“There are parents who want a specific ‘transaction’ in terms of where they want their child to be in terms of sports performance, but it’s important for us to meet kids where they are,” Reidy says. As part of her consulting business, Winning Mindset with Coach Jen, she runs workshops and gives talks to teams, coaches and parents through her site and Instagram, offering tools, inspiration and strategies to foster a healthy, mindful approach to competitive sports and to build confidence.
Shattering the Stigmas
Fortunately, the dialogue surrounding sports and mental health is also beginning to change on the national level. When gymnastics superstar Simone Biles announced she was taking a mental health break from competing in the middle of the Olympic Games in Summer 2021, it was a shock to many. Despite the public pushback, Biles stood her ground and kept her focus on her mental health. Her move was a milestone for many youth mental health advocates, including the Child Mind Institute, which presented her with a Trailblazer Award in November 2021.
Other prominent athletes, including Naomi Osaka, Michael Phelps, Serena Williams and Usain Bolt have stepped forward to openly discuss their mental health challenges and steps they’ve taken to prioritize self-care as much as their physical prowess. A Harvard Business Review article examined how these outspoken athletes are credited with shifting the narrative around mental health and sports.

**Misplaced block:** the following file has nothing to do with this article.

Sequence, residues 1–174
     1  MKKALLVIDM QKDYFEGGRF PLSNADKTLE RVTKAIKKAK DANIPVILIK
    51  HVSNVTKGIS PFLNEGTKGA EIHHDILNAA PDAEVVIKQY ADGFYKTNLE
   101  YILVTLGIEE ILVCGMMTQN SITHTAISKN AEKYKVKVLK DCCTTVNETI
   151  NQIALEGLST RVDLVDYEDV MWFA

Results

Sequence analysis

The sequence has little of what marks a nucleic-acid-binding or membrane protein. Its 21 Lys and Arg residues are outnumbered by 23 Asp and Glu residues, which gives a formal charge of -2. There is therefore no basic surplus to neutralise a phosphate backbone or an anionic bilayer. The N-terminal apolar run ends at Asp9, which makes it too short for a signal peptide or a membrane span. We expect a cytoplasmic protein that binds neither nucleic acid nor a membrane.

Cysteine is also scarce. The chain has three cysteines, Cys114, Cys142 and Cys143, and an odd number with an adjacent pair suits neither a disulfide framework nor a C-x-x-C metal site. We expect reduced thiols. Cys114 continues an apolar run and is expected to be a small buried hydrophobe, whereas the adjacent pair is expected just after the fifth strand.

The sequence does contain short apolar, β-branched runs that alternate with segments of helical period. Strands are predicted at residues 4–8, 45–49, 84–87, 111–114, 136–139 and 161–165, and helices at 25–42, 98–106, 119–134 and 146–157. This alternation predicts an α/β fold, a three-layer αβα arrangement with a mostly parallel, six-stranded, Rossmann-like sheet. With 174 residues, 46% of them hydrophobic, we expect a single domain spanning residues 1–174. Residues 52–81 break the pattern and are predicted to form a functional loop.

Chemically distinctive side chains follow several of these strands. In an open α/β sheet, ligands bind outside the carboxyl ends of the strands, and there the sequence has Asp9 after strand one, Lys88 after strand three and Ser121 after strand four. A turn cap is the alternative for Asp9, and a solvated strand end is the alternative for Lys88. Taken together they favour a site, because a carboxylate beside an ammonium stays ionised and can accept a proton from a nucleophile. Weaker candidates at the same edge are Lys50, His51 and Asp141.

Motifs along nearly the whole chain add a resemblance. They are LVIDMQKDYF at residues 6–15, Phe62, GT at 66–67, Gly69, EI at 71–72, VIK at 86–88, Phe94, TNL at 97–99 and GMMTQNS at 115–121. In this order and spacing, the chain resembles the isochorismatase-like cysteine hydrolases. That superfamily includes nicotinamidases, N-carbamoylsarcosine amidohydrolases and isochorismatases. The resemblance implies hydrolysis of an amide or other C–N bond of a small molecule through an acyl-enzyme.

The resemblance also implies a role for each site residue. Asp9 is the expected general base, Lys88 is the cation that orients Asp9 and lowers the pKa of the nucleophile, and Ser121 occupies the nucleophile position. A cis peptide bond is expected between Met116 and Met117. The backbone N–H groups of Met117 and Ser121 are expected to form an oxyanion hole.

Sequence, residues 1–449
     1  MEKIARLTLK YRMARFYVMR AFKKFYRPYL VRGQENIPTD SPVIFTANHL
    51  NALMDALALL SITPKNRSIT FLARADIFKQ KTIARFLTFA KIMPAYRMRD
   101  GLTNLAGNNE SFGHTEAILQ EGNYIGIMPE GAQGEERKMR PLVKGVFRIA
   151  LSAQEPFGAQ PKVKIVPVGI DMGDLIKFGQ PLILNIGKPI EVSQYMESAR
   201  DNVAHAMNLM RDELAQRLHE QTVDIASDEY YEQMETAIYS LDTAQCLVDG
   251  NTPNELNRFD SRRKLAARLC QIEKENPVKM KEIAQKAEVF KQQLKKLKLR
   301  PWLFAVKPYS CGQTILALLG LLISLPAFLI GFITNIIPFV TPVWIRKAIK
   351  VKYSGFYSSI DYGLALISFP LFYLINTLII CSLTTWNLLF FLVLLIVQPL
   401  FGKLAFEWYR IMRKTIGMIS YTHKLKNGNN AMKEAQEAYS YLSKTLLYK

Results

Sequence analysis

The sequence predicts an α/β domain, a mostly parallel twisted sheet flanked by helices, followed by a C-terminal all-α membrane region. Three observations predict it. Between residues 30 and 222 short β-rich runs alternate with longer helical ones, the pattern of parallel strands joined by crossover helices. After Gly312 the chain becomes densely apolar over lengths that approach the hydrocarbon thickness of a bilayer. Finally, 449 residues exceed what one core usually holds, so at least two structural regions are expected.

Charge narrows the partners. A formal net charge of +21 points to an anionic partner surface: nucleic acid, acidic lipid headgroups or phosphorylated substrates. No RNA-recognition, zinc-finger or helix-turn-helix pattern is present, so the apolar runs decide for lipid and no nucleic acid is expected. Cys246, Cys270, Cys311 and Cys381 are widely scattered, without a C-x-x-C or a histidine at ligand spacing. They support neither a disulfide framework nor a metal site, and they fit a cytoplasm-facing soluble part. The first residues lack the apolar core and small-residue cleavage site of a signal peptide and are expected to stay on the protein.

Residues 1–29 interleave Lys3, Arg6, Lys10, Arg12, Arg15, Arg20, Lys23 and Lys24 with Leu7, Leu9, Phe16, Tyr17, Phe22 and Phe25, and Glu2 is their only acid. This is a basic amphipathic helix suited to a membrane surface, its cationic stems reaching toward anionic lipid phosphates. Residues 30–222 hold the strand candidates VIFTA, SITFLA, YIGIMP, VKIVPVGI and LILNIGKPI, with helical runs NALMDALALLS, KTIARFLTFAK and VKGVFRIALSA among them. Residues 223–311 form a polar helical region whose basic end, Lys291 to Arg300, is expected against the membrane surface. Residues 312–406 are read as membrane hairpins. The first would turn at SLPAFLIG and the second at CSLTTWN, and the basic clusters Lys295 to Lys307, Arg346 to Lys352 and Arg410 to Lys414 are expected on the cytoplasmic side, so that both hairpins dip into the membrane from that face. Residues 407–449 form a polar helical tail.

What remains to be seen is if our own community can follow examples set by these high-achieving individuals. Reidy hopes to inspire other coaches, athletic teams and clubs in Marin to take mental wellness as seriously as she does. “Coaches don’t have to be therapists, but they can be sounding boards for kids and guide conversations around having a positive mindset,” she says. “Imagine the impact on our entire community if all of Marin’s athletic teams normalized these types of conversations and tools and made them more accessible to all?”
Adds Glass, “We all need to keep in mind that sports are ultimately about life lessons. We, as coaches, are not just teaching Xs and Os — we’re teaching kids how to become better human beings.”